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Double Issue: 9.1-9.2: Fall 2010 / Spring 2011
Guest Edited by Rebecca Jordan-Young
Critical Conceptions: Technology, Justice, and the Global Reproductive Market

Adoption and the Politics of Modern Families

Jessaca Leinaweaver

Article note [1]

This article examines the politics of family by focusing on the politics of reproduction. These politics are brought into focus when family members or 'dependents' require care; when individuals or couples want to 'start a family;' or when families are forcibly broken apart. In the examples I've chosen to illustrate these issues, I have centered on family choices that are associated with the white middle-class—hiring childcare, entering into surrogacy, or international adoption—and I have drawn from media representations in order to do so. This is because, as Laura Briggs recently wrote in S&F Online, in order to make sense of the differential values attributed to infants and adult women from the same Third World nations, one must analyze them alongside the value placed on the white, middle-class women who adopt the first and employ the second.[2]

Caring for a Family

I will first consider the challenges of caring for one's dependent family members, wherever they may live. I use the example of childcare, but many of these points are also applicable to those who care for aging parents, parents-in-law, or other disabled family members. The classic example anthropologists of reproduction use to illustrate this comes from the work of Shellee Colen, who studied childcare workers from the West Indies employed in Manhattan.[3]

Colen tells us that white, middle-class New York women saw West Indian women as phenomenal nannies, perhaps due to their upbringing in a cultural context where child-raising and children are highly valued. This fact, along with the hiring of the women themselves, has three important implications. First, if children are highly valued in the West Indies, it is probable that most of the migrant women have left behind children on whose behalf they are quite explicitly laboring (relying on the good will of female relatives to care for the children, most likely, and hence, they too are struggling to care for their dependents as best they can). Second, if the Manhattan moms were hiring childcare workers, it is likely because many of them planned to work outside the home. This speaks both to the devaluing of reproductive labor in the Manhattan context (in that women, to be fulfilled, needed to find paid work rather than be 'just a mom') and to the economics of reproduction. In other words, it can cost less to 'outsource' childcare to an employee than to give up an income. Finally, a further implication of hiring childcare workers is the existence of a child—and here, we can note that despite the devaluing of reproductive labor, there is still something of a cult of motherhood in which babies are a fashionable and necessary commodity.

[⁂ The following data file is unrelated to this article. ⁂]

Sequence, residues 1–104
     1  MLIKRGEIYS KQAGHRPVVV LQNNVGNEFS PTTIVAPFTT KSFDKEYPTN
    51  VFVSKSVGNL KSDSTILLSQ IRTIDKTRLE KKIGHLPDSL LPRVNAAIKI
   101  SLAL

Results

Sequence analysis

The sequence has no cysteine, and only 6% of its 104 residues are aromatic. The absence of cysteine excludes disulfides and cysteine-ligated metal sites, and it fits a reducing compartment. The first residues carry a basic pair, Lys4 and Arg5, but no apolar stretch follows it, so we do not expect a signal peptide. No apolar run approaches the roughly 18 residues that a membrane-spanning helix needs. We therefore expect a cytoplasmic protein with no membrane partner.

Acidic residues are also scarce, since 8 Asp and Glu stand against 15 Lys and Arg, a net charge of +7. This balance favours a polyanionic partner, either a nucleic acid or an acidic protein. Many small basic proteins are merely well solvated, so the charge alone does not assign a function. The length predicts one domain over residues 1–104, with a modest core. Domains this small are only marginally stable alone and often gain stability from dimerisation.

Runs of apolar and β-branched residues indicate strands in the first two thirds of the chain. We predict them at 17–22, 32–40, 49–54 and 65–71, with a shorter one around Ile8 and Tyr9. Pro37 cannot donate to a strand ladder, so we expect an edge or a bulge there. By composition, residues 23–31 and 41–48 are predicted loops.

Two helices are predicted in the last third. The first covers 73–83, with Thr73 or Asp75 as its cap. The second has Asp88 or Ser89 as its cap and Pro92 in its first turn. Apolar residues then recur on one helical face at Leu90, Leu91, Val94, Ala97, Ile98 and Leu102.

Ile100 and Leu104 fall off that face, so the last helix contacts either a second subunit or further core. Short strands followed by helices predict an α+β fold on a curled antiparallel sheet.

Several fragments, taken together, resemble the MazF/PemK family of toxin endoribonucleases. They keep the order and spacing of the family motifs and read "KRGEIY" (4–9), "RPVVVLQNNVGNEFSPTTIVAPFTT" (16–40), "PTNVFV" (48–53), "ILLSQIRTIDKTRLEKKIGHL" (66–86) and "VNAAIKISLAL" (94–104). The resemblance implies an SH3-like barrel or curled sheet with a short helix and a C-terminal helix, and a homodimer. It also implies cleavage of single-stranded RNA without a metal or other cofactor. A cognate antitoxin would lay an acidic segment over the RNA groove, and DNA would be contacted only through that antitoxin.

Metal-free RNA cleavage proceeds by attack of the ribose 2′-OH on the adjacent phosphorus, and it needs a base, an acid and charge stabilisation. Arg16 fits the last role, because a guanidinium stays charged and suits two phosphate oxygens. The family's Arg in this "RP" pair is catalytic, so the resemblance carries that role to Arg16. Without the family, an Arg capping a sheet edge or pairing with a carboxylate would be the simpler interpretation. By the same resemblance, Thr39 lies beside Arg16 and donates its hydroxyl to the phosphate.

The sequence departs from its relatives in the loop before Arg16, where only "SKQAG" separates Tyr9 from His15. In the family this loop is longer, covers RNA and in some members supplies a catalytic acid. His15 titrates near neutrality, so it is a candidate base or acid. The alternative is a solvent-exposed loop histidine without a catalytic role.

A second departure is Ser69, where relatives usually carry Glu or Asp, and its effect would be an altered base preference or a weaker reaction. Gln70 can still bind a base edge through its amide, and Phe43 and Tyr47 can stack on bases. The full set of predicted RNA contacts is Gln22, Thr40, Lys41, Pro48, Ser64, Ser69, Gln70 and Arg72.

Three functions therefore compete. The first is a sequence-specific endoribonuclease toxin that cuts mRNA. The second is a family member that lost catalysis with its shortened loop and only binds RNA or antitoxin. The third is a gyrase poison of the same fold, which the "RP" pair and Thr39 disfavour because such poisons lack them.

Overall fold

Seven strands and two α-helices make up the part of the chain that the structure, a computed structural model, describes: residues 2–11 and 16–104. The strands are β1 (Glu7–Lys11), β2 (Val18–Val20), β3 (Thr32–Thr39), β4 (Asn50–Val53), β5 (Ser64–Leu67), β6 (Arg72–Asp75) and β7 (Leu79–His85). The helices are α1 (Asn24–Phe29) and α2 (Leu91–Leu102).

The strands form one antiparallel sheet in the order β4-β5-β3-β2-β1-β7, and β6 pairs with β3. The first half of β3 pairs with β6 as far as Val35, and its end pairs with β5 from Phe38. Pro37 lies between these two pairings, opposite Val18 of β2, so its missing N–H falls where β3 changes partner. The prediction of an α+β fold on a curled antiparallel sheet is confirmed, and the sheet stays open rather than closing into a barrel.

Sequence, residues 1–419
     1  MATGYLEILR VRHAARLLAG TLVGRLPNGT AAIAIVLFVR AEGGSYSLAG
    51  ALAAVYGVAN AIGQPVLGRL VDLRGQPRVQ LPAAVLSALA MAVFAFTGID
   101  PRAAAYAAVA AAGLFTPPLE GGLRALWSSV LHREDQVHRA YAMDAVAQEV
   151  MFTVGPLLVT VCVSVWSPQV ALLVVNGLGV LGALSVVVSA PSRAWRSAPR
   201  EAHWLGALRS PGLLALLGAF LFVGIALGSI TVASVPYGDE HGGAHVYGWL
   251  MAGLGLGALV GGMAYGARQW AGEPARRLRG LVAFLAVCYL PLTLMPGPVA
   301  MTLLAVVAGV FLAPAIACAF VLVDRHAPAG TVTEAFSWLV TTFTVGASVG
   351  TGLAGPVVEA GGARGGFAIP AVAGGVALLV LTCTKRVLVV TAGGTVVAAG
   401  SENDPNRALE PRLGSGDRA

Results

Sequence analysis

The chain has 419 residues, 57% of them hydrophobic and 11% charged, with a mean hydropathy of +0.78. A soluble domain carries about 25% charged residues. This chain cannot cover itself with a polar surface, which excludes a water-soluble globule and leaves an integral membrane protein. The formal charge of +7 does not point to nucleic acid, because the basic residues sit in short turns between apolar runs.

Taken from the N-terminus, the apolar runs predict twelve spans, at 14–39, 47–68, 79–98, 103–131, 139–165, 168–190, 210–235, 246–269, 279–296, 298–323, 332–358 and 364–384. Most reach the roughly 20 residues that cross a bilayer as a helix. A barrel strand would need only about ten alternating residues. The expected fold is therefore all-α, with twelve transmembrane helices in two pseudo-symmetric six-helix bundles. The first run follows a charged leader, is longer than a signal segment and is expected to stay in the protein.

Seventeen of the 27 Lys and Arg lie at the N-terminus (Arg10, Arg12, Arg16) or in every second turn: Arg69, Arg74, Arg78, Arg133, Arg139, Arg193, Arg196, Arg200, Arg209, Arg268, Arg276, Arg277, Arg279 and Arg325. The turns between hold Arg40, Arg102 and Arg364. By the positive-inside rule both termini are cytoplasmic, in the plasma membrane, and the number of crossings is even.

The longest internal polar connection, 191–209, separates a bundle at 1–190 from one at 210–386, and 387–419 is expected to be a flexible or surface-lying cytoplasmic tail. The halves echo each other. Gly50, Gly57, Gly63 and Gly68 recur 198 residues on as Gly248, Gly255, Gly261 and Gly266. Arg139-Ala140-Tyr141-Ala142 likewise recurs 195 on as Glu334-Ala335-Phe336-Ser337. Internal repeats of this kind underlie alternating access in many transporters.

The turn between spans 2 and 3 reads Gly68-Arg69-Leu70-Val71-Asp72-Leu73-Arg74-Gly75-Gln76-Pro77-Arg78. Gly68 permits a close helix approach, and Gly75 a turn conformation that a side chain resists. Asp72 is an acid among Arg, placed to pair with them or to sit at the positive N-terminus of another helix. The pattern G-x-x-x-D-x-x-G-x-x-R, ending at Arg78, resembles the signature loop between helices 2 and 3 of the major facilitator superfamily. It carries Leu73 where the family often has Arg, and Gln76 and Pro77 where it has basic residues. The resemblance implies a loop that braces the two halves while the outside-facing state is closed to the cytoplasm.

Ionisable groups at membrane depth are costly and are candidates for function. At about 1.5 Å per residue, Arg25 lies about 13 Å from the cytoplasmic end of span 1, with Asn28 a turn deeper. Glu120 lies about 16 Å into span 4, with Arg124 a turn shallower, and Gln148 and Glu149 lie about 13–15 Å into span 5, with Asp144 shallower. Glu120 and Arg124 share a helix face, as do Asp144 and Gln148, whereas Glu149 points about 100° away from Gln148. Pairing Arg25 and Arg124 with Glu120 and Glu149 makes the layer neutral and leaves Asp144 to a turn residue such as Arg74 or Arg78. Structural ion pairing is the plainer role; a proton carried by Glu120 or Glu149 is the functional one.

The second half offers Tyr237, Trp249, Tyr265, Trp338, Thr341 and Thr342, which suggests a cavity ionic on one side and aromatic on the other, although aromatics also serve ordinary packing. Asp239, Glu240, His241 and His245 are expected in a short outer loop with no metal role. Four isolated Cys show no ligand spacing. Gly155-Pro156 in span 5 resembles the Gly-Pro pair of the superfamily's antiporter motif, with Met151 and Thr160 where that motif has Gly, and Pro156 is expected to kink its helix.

The concept that Colen comes up with to explain this chain of unequal reproductive decisions is "stratified reproduction." By using this term, she draws our attention to the ways that reproductive labor is differentiated, and differently valued, according to inequalities of gender, class, race, nationality, and other cross-cutting strata. When West Indian women work as nannies for white children in Manhattan, they are performing stratified reproductive labor. They are caring for someone else's children. The reason they're caring for the kids of Manhattan moms, and not the other way around, has to do most of all with globalized inequalities between nations. That means, for example, that you can make a lot more money in Manhattan than in the West Indies. But race and class are also implicated. When the female relatives of the West Indian nannies care for those nannies' children back home, they are also involved in a chain of stratified reproduction, in that they are lower in the global hierarchy of nations, and they didn't have the capital (economic or social) to migrate themselves. The transnational system in which different households have vastly different access to resources stratifies experiences of reproduction for workers and employers.

In the remainder of this article, I examine how Colen's insights about stratified reproduction can shed light on two other aspects of the politics of family: making a family, and disassembling one. In both of those projects, how are the different roles that people occupy when making or disassembling a family differently valued depending on the various inequalities and hierarchies within which they occur?

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